Chatikona and other tribal markets near Rayagada

There are two weekly tribal markets near Rayagada. The Desiya Kondh market is held once a week (every Tuesday) near the Bissamcuttack railway station. It is around 48 kilometers away from Rayagada town. You should reach early to experience the market to the fullest. By road, the journey from Rayagada to Bissamcuttack takes around 1 hour and 20 minutes via Rayagada-Bhawanipatna Road. There are three daily trains between Rayagada and Bissamcuttack. The s08302/Rayagada – Sambalpur Intercity starts from Rayagada at 1325 and reaches Bissamcuttack at 1410. The other two trains are 02097/Bhubaneswar – Junagarh Road SF Special and 08528/Visakhapatnam – Raipur Express Special. The first one starts from Rayagada at 0540 and reaches Bissamcuttack at 0630. The Visakhapatnam – Raipur Express Special starts from Rayagada at 0920 and reaches Bissamcuttack at 1013. The other one is the Chatikona market of the Dunguriya Kondhs. It is held every Wednesday. One usually starts from Rayagada, visits the Chatikona market, and proceeds towards Jaypore for an overnight stay. Chatikona is 1 hour 20 min (38.9 km) via Rayagada-Bhawanipatna Road. The nearest train station is Bissamcuttack.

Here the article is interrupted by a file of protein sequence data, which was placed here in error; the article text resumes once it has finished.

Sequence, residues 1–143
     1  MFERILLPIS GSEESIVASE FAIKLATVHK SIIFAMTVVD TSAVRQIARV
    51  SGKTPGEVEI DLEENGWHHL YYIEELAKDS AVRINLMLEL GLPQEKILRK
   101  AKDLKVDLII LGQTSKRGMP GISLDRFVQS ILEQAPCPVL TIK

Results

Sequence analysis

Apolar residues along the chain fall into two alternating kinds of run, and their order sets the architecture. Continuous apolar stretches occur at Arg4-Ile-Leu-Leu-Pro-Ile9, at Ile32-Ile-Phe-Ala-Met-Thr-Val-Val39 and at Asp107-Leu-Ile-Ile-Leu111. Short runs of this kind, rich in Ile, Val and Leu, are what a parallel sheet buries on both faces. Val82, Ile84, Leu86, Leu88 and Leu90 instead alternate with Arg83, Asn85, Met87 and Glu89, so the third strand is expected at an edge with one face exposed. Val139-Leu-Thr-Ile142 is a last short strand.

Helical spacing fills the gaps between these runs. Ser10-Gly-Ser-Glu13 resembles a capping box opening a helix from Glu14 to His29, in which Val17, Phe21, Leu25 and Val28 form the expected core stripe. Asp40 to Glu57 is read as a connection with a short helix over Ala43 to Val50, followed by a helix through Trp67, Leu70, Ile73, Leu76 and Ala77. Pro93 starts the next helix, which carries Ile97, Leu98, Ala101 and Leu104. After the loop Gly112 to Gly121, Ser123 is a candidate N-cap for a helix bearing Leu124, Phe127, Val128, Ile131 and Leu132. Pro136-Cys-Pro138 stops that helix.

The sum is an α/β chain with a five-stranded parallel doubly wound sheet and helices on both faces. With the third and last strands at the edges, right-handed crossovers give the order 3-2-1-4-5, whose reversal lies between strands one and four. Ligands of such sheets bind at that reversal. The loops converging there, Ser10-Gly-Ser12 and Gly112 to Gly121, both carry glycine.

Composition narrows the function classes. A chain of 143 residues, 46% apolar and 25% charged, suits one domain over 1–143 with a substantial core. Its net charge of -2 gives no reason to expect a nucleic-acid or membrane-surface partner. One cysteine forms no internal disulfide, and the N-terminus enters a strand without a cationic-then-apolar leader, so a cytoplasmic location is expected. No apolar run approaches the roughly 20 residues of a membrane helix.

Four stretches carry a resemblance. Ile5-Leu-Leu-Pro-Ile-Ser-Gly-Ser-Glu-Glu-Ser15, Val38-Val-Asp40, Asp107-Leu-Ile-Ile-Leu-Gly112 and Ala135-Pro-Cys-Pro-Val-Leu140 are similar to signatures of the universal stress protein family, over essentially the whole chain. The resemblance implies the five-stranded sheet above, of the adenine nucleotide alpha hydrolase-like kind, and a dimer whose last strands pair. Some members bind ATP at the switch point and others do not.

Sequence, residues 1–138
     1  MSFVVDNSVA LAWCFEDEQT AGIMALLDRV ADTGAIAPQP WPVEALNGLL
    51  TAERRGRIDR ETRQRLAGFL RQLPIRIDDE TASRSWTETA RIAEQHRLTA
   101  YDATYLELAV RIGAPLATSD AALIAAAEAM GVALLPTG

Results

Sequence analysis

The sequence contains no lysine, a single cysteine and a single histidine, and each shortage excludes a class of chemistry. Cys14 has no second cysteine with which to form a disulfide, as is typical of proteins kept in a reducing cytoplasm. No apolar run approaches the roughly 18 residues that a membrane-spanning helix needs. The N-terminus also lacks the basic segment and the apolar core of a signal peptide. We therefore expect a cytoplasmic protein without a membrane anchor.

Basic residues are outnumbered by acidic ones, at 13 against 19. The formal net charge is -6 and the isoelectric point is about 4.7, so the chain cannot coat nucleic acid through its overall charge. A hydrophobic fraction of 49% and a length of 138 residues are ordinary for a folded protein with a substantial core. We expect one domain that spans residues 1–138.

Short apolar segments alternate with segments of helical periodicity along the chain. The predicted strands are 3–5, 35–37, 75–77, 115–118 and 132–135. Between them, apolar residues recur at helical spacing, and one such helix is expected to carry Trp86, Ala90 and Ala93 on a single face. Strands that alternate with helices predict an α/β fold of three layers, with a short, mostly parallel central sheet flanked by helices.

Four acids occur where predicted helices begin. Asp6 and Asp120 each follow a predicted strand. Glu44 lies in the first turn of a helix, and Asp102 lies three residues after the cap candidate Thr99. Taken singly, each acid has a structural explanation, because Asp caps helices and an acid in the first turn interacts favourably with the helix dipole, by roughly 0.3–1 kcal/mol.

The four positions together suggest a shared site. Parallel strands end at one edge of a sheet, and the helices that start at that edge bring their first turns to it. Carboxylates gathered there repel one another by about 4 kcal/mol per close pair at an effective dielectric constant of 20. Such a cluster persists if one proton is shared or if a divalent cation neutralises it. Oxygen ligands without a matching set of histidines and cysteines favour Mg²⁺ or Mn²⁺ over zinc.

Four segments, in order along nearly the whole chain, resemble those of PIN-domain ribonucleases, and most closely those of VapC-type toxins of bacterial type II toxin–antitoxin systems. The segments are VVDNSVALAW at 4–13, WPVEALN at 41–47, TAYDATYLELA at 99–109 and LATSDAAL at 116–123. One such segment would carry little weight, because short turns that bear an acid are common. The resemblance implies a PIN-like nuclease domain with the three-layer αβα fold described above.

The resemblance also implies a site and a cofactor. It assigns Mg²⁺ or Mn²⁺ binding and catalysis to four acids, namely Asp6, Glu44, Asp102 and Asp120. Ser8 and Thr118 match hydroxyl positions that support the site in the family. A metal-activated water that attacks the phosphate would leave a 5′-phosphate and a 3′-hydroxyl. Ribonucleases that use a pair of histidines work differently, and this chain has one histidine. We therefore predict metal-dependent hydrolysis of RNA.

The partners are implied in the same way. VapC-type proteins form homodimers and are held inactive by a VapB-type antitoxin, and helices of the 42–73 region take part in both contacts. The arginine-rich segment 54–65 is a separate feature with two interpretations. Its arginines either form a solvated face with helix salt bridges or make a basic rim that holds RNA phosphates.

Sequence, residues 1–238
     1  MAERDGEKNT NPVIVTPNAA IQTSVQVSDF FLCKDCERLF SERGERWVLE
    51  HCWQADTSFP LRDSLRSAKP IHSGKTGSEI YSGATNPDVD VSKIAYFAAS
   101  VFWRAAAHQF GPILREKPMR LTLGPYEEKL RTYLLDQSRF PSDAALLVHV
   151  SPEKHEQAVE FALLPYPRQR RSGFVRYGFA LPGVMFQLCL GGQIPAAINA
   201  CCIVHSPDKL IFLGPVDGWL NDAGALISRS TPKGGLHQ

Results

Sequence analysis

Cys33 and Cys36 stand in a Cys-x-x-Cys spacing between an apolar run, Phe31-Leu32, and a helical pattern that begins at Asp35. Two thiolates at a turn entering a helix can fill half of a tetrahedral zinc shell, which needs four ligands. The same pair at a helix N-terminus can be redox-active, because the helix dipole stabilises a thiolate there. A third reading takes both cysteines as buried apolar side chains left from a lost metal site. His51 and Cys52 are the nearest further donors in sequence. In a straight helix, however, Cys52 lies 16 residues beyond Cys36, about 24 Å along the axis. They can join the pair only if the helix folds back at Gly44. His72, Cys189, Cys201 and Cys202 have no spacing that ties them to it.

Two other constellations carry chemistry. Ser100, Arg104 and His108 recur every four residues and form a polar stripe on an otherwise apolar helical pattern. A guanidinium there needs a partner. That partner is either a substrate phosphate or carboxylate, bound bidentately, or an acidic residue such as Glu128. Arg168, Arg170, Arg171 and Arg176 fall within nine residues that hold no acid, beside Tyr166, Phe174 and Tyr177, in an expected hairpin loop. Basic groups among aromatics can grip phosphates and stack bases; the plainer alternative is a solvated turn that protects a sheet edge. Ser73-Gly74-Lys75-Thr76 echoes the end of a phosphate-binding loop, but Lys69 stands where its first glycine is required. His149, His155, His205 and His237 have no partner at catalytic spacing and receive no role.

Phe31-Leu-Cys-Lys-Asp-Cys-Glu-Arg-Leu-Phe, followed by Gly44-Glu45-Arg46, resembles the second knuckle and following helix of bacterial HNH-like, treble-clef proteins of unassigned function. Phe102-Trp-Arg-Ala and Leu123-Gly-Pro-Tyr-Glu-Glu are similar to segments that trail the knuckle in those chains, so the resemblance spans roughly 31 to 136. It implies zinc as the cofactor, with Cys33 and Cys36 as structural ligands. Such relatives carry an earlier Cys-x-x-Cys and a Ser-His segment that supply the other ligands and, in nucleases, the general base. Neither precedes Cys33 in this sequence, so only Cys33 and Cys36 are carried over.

The Chatikona market visit took me into

Quaint tribal villages,

Photogenic moments,

Full of unhurried lifestyle,

Quiet domesticity, and

And happy shopping ladies.

Primal, beautiful, and less explored,

This is the beautiful

Land of the Dunguriya people.